1. When possible, I have endeavored to include images of the most critical of Whitman’s manuscripts where they are discussed in this study. All of the images described in this book can be found in digital form at the online Walt Whitman Archive (www.whitmanarchive.org). In most cases the best way to access them is though the link “Finding Aids for Manuscripts at Individual Repositories,” found in the “Manuscripts” section. In some cases the images reproduced in this book have been resized or colorized slightly to enhance legibility.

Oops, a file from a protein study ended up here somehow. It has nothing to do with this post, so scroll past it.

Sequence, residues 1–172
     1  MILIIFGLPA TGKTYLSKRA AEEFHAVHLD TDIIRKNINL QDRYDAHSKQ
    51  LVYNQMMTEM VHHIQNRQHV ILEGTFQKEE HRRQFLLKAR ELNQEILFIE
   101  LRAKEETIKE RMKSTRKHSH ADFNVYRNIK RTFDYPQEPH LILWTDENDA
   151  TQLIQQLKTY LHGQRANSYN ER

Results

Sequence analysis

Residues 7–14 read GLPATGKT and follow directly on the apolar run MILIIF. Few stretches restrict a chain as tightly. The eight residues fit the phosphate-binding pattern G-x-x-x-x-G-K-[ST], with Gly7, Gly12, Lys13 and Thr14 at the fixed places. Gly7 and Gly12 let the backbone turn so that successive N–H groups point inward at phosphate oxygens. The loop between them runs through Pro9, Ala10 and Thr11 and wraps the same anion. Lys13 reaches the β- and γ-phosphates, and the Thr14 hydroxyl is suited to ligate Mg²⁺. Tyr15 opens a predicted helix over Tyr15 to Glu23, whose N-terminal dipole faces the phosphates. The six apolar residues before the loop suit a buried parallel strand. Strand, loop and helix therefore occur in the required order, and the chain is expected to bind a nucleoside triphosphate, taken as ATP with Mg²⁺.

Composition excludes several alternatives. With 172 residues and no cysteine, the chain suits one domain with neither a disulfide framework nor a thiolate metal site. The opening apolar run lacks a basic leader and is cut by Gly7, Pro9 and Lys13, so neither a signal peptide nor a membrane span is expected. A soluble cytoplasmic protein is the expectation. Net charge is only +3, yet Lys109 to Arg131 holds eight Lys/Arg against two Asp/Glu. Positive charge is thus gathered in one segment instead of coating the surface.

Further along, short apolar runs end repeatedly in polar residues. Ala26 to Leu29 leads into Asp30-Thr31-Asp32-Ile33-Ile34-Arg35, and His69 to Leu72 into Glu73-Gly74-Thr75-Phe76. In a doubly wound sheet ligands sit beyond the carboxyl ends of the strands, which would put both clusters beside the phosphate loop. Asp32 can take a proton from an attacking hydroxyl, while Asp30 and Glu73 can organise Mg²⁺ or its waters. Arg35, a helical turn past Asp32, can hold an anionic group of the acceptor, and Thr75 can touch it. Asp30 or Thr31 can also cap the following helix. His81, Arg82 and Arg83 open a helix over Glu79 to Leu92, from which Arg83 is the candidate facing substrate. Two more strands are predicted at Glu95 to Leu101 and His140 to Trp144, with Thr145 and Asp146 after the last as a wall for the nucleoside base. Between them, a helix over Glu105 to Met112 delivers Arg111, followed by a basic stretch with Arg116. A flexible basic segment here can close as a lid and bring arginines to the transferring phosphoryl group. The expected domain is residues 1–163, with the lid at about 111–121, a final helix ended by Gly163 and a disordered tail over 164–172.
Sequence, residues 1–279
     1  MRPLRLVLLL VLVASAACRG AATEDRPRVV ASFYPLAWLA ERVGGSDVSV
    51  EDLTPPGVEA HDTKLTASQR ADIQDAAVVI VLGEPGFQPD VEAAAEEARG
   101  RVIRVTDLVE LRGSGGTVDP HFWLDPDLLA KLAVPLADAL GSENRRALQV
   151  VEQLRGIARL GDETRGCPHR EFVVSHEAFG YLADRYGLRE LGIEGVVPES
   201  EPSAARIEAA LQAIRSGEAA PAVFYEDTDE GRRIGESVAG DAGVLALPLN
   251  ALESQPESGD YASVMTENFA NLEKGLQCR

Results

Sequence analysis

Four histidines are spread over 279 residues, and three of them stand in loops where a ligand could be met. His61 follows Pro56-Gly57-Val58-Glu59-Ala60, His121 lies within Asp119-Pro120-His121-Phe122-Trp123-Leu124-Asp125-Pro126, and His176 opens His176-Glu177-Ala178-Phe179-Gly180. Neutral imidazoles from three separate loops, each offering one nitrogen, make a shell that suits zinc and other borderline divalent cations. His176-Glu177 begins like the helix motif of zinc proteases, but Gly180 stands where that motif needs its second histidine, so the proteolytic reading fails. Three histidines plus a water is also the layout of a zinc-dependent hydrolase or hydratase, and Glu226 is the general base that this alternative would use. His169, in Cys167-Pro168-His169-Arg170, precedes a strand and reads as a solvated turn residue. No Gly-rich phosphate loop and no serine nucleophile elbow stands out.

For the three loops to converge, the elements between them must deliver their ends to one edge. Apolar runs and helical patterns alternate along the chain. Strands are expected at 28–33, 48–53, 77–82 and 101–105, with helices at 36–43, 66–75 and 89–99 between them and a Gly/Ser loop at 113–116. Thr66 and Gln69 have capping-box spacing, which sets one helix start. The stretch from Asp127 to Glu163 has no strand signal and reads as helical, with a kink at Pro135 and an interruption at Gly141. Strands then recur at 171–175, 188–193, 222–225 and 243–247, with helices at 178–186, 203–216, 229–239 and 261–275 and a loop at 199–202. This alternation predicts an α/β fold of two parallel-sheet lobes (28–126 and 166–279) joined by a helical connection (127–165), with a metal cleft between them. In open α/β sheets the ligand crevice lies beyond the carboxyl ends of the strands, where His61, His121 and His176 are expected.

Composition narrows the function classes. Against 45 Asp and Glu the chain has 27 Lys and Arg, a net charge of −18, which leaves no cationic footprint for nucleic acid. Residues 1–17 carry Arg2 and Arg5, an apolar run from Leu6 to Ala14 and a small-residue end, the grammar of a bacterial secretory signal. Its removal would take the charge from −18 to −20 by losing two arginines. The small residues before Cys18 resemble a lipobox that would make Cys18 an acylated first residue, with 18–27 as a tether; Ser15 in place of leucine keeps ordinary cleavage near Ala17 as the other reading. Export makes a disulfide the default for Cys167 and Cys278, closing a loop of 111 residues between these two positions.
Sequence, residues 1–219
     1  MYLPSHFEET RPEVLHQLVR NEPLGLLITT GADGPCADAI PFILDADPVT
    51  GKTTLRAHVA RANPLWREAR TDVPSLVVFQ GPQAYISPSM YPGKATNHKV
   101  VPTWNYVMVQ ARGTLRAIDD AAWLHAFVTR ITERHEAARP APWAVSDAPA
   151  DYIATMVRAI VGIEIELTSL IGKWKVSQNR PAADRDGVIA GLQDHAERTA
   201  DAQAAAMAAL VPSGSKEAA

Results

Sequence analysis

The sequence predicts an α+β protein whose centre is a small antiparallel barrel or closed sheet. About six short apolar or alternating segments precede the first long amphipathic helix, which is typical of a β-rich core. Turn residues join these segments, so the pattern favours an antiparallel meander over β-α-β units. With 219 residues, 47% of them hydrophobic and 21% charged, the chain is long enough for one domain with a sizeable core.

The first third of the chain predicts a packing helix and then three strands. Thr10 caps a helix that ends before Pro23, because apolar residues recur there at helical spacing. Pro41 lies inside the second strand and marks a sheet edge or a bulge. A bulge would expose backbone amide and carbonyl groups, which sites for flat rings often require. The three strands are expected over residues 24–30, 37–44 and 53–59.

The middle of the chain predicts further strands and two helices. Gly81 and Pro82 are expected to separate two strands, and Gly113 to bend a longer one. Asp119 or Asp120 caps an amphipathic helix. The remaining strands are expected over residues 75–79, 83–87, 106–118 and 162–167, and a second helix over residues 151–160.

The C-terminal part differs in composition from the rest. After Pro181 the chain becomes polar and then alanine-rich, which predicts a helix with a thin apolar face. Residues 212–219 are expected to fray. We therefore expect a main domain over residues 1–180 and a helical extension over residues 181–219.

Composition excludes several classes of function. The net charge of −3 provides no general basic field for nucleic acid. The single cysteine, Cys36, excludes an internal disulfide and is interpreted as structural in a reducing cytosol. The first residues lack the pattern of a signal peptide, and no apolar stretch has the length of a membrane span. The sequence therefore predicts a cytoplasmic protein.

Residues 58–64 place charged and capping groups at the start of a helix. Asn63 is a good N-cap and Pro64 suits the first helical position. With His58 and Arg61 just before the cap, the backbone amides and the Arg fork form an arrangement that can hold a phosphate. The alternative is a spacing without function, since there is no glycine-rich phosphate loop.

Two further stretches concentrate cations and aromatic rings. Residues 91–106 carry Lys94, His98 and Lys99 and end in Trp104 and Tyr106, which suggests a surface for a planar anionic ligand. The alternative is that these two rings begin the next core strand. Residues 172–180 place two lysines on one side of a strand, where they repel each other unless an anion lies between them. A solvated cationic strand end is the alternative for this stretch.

1. Previous scholars have also called it the “albot Wilson” notebook because of their dependence on a poor quality microfilm copy.
2. See Gail Fineberg, “LC’s Missing Whitman Notes Found in N.Y.,” Library of Congress Gazette, February 24, 1995, http://memory.loc.gov/ammem/ wwhtml/gazette1.html; Birney, “Missing Whitman Notebooks.”
3. The scans are available at the Library of Congress’s American Memory site, http://memory.loc.gov/ammem/collections/whitman/index.html.
4. The Uncollected Poetry and Prose of Walt Whitman, here After UPP.
5. Shephard, “Possible Sources,” 67n.
6. To my knowledge the only other scholar who accurately dated the notebook, at least in writing, was Floyd Stovall in “Dating Whitman’s Early Notebooks.”
7. Grier, “Walt Whitman’s Earliest Known Notebook.”
8. Higgins, “Wage Slavery.”
9. Erkkila, Whitman the Political Poet, 50.
10. Allen, The Solitary Singer, 134.